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climate change, the iran nuclear program, trade. we made progress on issues that is the contract to bowl for years and in some cases decades. we have attacked to the lenient than 35 years. we are working, making progress in various sectors of economic diplomacy as well as straightforward security diplomacy. the key word that i ask you to focus on his progress. obviously, our work isn't over. it's far from over. it's never going to and from one administration to another. we witnessed a process of transformation, but this is a very different injury we are entering from the last century, a century of two world wars end of major conflict in korea, vietnam, afghanistan and iraq.
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so as we look to the year ahead, we have a unique opportunity to build on what we have achieved in a number of critical areas. now obviously a top priority as the conflict in syria to deal with the refugee crisis and the violent extremism to which it has contributed. money just say a word about that quickly. much if not all -- i suppose much is the most accurate assessment of the conflict of the last century was a conflict between nationstates. it was much of it to find by what henry kissinger has often defined as the balance of power in the greek gain. but that is not what we see
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today. i think most of you would make that judgment that there is not the same sense of threat that nationstates are ready to put it all on the line given the stakes and the types of weapons we have today, which do act as a deterrent. but what we have today are nonstate actors who have a very different sense of the stakes, who don't react the same way to the concept of deterrence. many of whom have decided, by the way, that they just assume not the norm for most people. so our strategy is different. our strategy with respect to syria certainly is threefold. but what we are seeing a merge is really a transformation that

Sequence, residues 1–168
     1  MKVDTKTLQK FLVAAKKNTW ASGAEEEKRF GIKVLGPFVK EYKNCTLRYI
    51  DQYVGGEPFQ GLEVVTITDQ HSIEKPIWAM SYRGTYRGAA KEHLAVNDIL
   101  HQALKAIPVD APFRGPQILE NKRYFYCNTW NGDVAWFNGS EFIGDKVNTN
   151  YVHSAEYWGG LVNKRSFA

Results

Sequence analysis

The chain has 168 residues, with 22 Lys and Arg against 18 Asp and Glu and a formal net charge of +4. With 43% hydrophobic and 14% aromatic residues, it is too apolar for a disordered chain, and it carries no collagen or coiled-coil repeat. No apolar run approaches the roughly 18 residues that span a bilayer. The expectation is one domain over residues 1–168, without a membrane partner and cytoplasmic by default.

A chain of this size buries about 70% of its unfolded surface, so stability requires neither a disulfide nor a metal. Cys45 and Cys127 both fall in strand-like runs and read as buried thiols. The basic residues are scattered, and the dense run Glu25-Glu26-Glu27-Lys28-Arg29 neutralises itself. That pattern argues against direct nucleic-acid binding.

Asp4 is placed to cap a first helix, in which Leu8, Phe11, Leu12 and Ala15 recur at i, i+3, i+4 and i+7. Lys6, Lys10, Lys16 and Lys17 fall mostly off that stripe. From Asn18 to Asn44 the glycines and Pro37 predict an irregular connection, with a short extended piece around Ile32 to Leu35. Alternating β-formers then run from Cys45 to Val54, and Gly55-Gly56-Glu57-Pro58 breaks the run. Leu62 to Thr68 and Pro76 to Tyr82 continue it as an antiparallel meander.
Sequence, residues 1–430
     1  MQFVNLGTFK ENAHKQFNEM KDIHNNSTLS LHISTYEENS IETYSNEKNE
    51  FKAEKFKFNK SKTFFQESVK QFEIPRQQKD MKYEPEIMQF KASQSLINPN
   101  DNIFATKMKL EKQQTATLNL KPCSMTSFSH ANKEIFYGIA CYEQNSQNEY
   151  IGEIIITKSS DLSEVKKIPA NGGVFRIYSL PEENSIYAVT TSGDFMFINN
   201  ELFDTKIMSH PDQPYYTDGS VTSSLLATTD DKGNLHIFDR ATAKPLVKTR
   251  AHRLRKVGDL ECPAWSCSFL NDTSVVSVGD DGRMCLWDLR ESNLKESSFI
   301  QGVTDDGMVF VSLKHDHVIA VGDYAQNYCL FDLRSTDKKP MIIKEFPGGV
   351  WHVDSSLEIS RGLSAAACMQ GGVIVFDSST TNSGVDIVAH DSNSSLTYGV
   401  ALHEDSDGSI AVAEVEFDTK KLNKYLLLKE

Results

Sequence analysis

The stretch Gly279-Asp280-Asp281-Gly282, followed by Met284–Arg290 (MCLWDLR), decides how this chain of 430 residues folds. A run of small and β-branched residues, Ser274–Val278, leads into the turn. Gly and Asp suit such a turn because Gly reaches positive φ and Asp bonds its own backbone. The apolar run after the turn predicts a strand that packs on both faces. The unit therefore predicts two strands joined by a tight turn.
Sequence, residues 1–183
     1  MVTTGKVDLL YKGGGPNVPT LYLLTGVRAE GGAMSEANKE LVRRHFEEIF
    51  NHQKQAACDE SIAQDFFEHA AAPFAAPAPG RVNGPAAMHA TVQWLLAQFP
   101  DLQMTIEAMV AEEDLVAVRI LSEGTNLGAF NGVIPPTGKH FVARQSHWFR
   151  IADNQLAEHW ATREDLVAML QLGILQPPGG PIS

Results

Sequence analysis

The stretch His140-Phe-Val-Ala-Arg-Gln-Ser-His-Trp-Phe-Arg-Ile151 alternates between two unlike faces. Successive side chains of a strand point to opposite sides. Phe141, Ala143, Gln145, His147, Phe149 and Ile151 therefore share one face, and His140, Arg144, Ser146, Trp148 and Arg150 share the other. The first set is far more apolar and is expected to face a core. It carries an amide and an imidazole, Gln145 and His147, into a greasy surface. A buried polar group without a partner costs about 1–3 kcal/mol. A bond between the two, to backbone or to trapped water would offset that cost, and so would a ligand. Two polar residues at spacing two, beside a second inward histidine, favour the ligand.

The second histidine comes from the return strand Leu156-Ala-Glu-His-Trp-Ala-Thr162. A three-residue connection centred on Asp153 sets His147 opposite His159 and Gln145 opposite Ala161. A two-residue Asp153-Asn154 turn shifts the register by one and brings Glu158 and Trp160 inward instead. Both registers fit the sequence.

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represents not a clash of civilization because there is nothing civilized about daish. it is barbaric, not the years but by centuries and it represents a clash not of civilization but of culture and modernity, a clash of people who have been left behind and you find some false notion of explanation for their action in the hijacking of a great religion or the distortion of the most fundamental notions of how people should choose to live. so with respect to daish, we have first evolved intensified our campaign, first 365 member international coalition that we
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have mobilized to degrade and defeat the terrorist group known as daish, isil some people call it, but there is nothing that is the state. transcendent is medieval. psychopaths who murder, rape, torture, pillage, call up the will of god. earlier this week, we heard about one terrorist, a member of daish his mother pleaded with him to leave the group because she thought they were going to get read and she didn't want her son killed. what did he do? he turned her in him by his own hand publicly executed her. to quote the president, these people are killers and fanatics who have to be rooted out, hunted down and destroyed and we will do that.
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our efforts are directed both at daish core networks in syria and iraq and strangling attempts to establish branches and inspire attacks elsewhere in the world including in the united states. we have known from the moment that we formed our international coalition in the fall of 24 teen. by the way, it merits remembering that this coalition has only been out this for a little over a year now. we knew that success was not going to be measured and a matter of weeks and months. it is measured in years as it was about qaeda. i said at the time, 2014 that it would take some time. so did the president. but in the end, mark my words, as a matter of fact, daish will be defeated. every country in the region that surrounds iraq and